En Bref talks to Holly Clarke, the 2019 Kermesse co-ordinator, about preparations for this years event:
Holly, you have taken on the organisation of this years Kermesse, which is the biggest event that the school runs each year. What persuaded you to volunteer for this role?
Well, following the departure of Dede Ogden, who did a fine job organising the Kermesse for the past few years, I knew the PTA were desperately trying to find someone to step up. Given that I was food stall coordinator for the past three years I felt that I had a good handle on the way things worked. I also have a solid background, career-wise, in event management. Nevertheless Dede will be a hard act to follow!
When does the planning start, and what is involved?
The planning process started just after the Christmas break. The biggest challenge we had was pulling a team together. We now have a small team of great, enthusiastic people who are giving their all to make the Kermesse a memorable day. This year we will have Ecolint Camps running the Fun Zone as a number of parents were concerned about child safety on the equipment. This year it will be professionally run with Naima Hadadi at the helm.
What have been your biggest challenges so far?
As I mentioned earlier the main challenge was getting team of dedicated people on board, other than that things have run relatively smoothly.
How many people are involved in running Kermesse, and how do you recruit them?
We have roughly six people running the main components such as publicity, food stalls, book stall, humanitarian efforts, the Fun Zone and sporting activities. Other important jobs such as the Kermesse website, the Tea Garden, and cake decorating competition, have individuals who are very much involved. Plus myself of course…..
How do you keep the Kermesse fresh and interesting, and are there any new ideas for the 2019 event?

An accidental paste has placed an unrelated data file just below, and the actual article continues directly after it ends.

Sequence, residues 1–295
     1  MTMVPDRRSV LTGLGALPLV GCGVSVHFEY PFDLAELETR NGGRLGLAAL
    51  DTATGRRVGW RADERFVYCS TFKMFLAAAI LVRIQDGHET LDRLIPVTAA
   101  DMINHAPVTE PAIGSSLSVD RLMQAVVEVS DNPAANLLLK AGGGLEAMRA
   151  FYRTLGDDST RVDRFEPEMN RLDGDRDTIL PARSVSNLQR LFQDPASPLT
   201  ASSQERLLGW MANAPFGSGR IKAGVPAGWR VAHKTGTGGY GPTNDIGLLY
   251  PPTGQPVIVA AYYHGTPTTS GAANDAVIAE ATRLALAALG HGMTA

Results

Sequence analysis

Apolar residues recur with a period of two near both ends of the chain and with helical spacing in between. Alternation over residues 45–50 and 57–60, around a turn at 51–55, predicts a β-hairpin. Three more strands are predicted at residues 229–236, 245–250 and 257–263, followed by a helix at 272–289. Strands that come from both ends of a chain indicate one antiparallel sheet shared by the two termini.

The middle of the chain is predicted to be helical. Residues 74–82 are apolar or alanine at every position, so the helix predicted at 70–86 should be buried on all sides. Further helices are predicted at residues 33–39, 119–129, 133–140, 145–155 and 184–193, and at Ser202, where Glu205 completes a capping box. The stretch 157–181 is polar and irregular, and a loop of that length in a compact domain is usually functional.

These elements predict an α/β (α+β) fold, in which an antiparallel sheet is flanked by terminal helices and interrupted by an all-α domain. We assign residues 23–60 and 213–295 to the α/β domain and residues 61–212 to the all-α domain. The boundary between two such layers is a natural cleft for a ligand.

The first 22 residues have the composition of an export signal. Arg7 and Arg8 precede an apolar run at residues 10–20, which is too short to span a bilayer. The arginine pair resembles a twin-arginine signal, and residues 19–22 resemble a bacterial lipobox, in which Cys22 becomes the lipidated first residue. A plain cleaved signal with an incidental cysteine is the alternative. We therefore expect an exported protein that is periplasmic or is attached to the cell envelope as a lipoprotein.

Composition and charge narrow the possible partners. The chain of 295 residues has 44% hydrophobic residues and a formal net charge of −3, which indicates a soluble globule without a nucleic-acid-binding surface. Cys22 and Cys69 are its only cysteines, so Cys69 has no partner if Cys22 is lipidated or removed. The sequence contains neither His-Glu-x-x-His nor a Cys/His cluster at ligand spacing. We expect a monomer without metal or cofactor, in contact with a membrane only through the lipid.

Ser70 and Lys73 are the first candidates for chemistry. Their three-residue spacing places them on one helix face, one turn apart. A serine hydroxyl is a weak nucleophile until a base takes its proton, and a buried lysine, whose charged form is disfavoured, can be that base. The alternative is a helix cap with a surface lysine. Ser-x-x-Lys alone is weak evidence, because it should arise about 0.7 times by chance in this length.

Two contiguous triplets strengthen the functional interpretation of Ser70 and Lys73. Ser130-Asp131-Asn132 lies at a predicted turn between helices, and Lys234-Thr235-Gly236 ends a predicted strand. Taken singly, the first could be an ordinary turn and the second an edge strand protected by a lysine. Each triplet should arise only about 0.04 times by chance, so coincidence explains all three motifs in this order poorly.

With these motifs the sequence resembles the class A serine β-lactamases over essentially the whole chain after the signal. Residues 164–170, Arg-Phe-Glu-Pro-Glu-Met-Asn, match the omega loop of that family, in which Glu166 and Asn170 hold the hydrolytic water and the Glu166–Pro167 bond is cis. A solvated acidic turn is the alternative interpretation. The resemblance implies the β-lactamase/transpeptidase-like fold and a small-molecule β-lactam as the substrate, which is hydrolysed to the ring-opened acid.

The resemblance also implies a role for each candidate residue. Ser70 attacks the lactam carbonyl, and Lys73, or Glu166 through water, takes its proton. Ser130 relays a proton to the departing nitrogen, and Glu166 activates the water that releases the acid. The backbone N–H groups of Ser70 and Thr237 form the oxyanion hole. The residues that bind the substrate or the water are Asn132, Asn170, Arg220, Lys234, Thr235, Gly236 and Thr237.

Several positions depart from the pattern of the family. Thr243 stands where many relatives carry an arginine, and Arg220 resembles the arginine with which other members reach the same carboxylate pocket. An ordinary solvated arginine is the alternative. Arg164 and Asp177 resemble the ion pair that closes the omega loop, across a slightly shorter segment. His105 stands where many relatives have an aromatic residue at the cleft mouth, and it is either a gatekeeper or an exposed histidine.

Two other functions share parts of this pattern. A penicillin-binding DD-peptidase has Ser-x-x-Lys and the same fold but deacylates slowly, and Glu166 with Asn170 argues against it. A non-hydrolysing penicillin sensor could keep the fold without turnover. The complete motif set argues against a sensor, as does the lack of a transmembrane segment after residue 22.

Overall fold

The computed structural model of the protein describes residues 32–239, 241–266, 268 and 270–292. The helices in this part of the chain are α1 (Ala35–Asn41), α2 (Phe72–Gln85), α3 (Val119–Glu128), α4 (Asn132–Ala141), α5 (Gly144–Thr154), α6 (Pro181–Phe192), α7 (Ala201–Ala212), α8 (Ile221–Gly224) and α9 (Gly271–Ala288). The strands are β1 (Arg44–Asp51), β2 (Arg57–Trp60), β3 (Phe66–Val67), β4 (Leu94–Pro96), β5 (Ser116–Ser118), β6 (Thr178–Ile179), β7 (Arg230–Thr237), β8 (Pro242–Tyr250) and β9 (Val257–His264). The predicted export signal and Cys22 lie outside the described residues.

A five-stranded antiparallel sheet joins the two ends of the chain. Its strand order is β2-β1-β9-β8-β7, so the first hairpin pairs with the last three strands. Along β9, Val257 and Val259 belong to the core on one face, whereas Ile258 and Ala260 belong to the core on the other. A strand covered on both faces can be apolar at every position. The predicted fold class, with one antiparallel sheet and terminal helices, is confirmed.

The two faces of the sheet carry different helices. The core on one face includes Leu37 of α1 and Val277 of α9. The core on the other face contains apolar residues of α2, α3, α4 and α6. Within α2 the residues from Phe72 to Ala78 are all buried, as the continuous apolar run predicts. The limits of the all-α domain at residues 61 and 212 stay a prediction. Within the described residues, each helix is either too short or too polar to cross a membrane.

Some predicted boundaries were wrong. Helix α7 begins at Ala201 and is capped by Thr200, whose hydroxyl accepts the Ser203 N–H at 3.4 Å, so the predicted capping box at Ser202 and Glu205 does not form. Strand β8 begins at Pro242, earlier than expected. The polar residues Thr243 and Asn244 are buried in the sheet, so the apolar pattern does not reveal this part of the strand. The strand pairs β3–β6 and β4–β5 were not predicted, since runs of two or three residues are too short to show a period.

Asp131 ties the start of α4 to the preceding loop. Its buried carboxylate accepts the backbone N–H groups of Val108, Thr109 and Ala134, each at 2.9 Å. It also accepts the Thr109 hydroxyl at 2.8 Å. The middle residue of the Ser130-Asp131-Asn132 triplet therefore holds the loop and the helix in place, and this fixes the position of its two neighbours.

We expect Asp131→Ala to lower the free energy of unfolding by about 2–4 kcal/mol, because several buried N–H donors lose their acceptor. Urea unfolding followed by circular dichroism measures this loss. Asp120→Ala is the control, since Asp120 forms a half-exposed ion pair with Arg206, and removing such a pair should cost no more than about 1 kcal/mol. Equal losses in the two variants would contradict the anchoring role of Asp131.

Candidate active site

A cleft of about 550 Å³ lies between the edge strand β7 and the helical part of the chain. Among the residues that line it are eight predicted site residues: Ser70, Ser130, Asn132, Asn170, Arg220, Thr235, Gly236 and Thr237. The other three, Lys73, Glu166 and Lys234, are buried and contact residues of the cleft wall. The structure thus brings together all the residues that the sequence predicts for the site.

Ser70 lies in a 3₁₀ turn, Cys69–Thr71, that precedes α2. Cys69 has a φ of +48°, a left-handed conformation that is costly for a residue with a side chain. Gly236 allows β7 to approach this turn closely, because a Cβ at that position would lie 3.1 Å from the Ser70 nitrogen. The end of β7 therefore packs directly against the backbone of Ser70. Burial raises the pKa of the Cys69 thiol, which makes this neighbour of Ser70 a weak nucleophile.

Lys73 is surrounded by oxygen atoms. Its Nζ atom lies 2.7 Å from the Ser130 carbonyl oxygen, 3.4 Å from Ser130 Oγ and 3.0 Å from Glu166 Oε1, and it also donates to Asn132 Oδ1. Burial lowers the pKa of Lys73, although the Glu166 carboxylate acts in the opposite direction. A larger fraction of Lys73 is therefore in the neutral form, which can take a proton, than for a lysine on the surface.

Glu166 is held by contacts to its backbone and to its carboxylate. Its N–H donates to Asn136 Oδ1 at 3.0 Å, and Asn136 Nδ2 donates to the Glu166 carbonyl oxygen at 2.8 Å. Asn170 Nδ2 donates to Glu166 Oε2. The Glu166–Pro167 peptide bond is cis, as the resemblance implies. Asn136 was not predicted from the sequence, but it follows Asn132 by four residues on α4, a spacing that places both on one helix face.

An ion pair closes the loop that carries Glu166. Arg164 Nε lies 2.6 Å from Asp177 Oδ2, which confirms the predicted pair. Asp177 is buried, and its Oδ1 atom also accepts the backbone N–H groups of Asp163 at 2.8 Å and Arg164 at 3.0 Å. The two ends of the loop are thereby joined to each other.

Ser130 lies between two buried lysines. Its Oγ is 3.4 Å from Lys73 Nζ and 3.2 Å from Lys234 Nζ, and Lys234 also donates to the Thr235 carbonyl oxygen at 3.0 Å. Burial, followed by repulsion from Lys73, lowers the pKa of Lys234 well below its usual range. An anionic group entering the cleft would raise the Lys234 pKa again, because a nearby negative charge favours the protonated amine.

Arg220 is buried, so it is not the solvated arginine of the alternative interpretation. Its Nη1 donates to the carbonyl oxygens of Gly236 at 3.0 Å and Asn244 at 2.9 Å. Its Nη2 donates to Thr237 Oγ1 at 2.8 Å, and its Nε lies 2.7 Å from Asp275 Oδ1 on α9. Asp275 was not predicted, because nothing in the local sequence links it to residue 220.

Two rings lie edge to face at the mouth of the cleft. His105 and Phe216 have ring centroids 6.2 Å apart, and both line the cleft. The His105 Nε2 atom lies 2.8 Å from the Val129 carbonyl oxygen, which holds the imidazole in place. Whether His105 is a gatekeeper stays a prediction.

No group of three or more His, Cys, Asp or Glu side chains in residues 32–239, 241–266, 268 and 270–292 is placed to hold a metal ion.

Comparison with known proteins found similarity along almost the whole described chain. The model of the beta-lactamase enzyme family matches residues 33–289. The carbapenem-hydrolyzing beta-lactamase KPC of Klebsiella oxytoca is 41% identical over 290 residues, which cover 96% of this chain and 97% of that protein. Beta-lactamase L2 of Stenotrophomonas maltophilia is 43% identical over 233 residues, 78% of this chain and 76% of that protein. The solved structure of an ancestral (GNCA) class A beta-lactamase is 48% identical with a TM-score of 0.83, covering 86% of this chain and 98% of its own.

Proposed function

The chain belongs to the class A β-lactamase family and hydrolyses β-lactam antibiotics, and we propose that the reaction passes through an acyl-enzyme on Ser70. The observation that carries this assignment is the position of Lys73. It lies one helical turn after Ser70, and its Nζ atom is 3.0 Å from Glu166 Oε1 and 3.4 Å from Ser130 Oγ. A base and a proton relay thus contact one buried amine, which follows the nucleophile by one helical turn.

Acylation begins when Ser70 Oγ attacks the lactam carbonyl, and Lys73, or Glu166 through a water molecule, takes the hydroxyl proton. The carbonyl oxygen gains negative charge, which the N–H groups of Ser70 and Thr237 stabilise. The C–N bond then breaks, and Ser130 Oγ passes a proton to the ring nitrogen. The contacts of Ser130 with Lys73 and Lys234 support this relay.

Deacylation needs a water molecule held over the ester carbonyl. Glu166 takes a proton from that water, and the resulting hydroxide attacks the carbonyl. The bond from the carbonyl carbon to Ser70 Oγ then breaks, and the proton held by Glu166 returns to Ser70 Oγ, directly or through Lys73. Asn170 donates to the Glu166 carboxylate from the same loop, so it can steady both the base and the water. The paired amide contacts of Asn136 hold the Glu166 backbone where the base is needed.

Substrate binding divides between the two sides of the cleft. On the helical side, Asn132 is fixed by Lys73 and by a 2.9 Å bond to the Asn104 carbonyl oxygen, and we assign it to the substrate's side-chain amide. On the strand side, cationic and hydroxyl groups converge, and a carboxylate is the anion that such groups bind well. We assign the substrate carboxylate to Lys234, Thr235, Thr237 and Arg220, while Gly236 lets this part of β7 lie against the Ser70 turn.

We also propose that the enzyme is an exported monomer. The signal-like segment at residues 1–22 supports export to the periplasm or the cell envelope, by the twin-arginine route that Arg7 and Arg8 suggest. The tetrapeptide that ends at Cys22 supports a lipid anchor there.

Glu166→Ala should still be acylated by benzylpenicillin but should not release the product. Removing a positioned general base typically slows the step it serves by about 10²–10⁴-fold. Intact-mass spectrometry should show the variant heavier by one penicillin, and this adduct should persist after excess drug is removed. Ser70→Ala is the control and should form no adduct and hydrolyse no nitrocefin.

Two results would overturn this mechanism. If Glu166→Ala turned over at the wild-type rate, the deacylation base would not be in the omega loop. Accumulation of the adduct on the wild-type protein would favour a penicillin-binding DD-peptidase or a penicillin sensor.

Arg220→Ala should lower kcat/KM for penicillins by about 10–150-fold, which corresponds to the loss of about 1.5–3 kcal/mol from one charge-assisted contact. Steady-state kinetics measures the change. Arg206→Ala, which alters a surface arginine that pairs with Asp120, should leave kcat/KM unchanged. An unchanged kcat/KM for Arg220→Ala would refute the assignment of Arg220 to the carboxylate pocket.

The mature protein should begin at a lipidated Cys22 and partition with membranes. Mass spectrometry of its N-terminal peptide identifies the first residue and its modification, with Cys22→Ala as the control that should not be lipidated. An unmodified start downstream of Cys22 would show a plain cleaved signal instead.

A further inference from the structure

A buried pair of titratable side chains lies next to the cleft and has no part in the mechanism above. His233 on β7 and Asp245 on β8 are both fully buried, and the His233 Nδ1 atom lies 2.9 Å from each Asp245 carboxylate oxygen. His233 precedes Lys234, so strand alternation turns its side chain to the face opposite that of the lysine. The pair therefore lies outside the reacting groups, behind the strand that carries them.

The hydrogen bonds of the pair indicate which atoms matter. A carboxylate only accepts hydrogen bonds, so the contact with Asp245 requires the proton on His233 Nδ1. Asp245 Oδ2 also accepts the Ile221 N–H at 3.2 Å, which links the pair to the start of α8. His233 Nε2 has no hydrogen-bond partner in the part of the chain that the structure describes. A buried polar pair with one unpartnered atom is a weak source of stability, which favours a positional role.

Yes, this year we have made a number of changes to refresh the Kermesse and give it a bit more of a ‘wow’ factor.
Firstly, we have moved the acoustic stage to the lawn in front of the Alps building – you are not going to get a more spectacular view whilst listening to our talented kids. The adjacent Tea Garden, usually run out of the gym, will now be run out of the secondary cafeteria – hopefully the weather will be kind and people can sit out and sip their cups of tea under the awnings. We plan not to use the gym (unless we get a bad weather forecast…) as we wanted to consolidate the Kermesse as we felt that quite a lot of things got a bit “lost” up there.
Secondly, working with Ecolint Camps, we have a three-tiered zone to cater to kids of all ages. Little kids will have fun in the usual spot in front of the gym and we have got a whole host of cool new equipment to ensure they have great fun and parents feel that they are getting value for money. For older kids we will have some great rides on the basketball court which we know they will love. We are also holding sporting activities and competitions on the main sports field, with sign up on the day. There will be prizes for all.
The other thing that I am introducing for the first time is a pizza van beside the sports pitch for the competitors and spectators, plus a drinks/bar in this area. We will also have an ice cream stand down by the food stalls, to add a bit of atmosphere.
Why is Kermesse important for the school community?
I think we would all agree that the Kermesse is primarily to bring the international families together and to enhance the spirit of the school. Everyone can get so caught up in academics and results that we lose the importance of community spirit and making great friends at school, both for the pupils and the parents. If we make a bit of money for the PTA Kermesse Grants, that is great, but it is not the ultimate goal of the day.
I’d like to say a big thank you to a great team of people who have come together to make the day happen – you know who you are.
Kermesse will take place on Saturday 15 June this year – let’s hope for some sunshine!